I jumped at the opportunity to welcome students from Fitchburg State to my department. I’m glad these young adults could put themselves in a police cruiser and see if this is something they want to do full-time.
Mashpee Police Sgt. Ryan Nardone ’06 is passionate about serving his community and playing a positive role in its safety. The COVID-19 pandemic hasn’t changed that mission, but it’s made a significant impact on the day-to-day experience of being a police officer.
“We’re very reactive now, and not as proactive as we used to be,” Nardone said. “It’s difficult to report to a shift and have that personable approach that we’re used to. Everything is done over the telephone now, because people want to stay in their houses.”
The volume of police calls for Nardone’s Cape Cod community has dropped significantly since the start of the pandemic, and no one knows what the future holds. “This could be the new norm or this could be over this summer,” he said. “Most officers want to be proactive, go out there and help the public. They don’t want to be call-takers. Every day is different and that’s what pushed me to this profession.”
Nardone said Fitchburg State’s police program – whose graduates complete bachelor’s and master’s degrees in criminal justice as well as certification to serve in municipal police departments – is a potential game-changer for the profession.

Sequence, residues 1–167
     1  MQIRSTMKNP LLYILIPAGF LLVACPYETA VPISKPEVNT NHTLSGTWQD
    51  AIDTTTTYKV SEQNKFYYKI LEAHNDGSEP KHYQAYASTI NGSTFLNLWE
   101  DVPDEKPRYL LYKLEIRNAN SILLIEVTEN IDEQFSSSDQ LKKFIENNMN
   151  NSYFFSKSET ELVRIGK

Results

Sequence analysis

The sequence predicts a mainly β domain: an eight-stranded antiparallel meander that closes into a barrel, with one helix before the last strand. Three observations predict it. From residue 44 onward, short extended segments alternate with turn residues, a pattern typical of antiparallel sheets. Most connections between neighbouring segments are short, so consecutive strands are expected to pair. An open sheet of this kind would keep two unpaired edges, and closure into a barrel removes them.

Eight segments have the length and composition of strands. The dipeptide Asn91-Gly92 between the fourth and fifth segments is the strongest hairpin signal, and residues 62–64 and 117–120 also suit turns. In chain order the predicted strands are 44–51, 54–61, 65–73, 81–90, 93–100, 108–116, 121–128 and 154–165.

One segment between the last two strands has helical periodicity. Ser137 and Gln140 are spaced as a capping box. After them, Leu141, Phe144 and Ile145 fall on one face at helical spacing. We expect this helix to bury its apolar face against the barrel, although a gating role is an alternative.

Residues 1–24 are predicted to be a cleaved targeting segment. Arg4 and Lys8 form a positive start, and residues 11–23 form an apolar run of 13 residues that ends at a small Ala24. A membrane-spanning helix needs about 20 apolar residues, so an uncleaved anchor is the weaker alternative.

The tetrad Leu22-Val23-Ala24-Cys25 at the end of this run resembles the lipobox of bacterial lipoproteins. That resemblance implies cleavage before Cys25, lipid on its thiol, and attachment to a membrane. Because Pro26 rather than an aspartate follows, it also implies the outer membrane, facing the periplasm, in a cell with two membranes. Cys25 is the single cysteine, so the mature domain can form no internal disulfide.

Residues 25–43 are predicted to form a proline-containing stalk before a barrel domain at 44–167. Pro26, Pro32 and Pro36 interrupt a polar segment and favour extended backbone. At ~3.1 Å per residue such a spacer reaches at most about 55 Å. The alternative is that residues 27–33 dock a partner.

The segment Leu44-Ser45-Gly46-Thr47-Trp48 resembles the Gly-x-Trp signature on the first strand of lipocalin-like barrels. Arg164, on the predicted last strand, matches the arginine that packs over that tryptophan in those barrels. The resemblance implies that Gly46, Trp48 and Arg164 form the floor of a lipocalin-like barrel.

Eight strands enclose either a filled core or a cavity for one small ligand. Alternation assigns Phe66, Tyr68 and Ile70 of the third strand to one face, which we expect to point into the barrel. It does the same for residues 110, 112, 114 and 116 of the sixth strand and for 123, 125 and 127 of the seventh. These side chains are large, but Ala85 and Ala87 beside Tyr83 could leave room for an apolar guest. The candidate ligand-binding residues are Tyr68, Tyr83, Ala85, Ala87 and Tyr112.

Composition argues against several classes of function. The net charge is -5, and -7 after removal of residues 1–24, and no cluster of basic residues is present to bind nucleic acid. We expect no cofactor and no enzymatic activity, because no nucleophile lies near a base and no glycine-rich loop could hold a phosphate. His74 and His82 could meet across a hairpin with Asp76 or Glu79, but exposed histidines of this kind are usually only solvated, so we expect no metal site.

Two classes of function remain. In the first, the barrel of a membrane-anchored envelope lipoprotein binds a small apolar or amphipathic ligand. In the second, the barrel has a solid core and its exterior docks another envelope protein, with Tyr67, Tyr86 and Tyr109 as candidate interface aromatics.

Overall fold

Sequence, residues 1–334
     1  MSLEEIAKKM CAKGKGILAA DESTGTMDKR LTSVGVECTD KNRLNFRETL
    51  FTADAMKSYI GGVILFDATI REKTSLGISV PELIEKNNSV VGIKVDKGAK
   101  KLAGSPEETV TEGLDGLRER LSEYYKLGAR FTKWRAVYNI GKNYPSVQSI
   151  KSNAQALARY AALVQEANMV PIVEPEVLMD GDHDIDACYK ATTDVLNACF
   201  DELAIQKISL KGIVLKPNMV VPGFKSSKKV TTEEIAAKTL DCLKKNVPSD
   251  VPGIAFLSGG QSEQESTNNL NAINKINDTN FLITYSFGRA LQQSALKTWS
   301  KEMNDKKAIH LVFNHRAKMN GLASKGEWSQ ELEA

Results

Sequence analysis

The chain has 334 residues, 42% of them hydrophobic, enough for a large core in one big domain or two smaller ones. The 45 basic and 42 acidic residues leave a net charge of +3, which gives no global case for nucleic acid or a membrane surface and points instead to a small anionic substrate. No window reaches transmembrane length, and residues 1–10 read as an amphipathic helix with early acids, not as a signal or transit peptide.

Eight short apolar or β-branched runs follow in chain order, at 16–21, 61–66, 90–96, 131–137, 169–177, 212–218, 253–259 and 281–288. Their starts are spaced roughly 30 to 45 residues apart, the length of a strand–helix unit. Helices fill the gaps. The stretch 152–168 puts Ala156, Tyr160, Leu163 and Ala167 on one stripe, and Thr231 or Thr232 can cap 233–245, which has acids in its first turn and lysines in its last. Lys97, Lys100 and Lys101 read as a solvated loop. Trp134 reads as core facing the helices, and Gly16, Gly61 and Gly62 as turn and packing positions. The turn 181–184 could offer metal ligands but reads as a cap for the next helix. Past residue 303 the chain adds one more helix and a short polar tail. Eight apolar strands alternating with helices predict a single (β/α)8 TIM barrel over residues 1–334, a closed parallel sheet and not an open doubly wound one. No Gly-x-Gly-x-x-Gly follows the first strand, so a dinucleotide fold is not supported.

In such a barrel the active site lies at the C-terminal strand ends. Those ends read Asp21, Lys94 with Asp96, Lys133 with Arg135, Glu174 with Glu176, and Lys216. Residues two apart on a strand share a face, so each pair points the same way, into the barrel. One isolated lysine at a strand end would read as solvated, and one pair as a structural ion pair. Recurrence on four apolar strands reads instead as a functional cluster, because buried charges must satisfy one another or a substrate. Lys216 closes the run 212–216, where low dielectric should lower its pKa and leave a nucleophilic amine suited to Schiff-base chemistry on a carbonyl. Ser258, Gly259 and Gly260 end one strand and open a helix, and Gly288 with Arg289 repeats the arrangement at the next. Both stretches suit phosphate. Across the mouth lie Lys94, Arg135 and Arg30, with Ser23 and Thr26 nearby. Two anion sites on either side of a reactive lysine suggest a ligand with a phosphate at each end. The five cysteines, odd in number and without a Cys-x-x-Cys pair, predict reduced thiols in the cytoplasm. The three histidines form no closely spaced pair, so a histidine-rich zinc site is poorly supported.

“They’re at a huge advantage above students at other colleges,” he said. “I envy them. It’s new and cutting edge, but education is key nowadays. People aren’t getting hired in my profession without degrees. The public wants a well-educated individual to protect and serve. If a college-educated kid is coming out with an advanced degree and already completed a full-time police academy, they’re going to get scooped up.”
Nardone saw that same spirit in the Fitchburg State criminal justice students he invited to shadow him on the job earlier this academic year. “I loved the shadowing experience,” he said. “I jumped at the opportunity to welcome students from Fitchburg State to my department. I’m glad these young adults could put themselves in a police cruiser and see if this is something they want to do full-time.”
One of those students was Christopher Dickey ’20, who spent several hours with Sgt. Nardone over winter break. “I loved being with him,” Dickey said. “He’s an awesome guy, really down to earth and really looks out for his community. That’s his number one priority.”
Dickey was grateful for another perspective on public safety. Dickey is studying criminal justice and had an internship this spring with the U.S. Marshals Service through the university’s affiliation with The Washington Center. While he saw a lot in his two months in the nation’s capital, the COVID-19 pandemic, unfortunately, cut the internship short.
His experiences with Sgt. Nardone and in Washington, D.C. only cemented his commitment to his chosen career path, said Dickey.
This story was first published in the online edition of the Summer 2020 issue of Contact, the university's alumni magazine.